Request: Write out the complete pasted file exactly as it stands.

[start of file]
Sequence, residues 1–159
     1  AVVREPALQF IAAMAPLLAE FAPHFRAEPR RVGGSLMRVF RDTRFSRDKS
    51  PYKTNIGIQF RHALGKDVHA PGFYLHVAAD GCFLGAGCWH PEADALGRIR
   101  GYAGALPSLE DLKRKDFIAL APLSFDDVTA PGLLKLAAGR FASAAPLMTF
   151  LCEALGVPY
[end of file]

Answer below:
Sequence, residues 1–159
     1  AVVREPALQF IAAMAPLLAE FAPHFRAEPR RVGGSLMRVF RDTRFSRDKS
    51  PYKTNIGIQF RHALGKDVHA PGFYLHVAAD GCFLGAGCWH PEADALGRIR
   101  GYAGALPSLE DLKRKDFIAL APLSFDDVTA PGLLKLAAGR FASAAPLMTF
   151  LCEALGVPY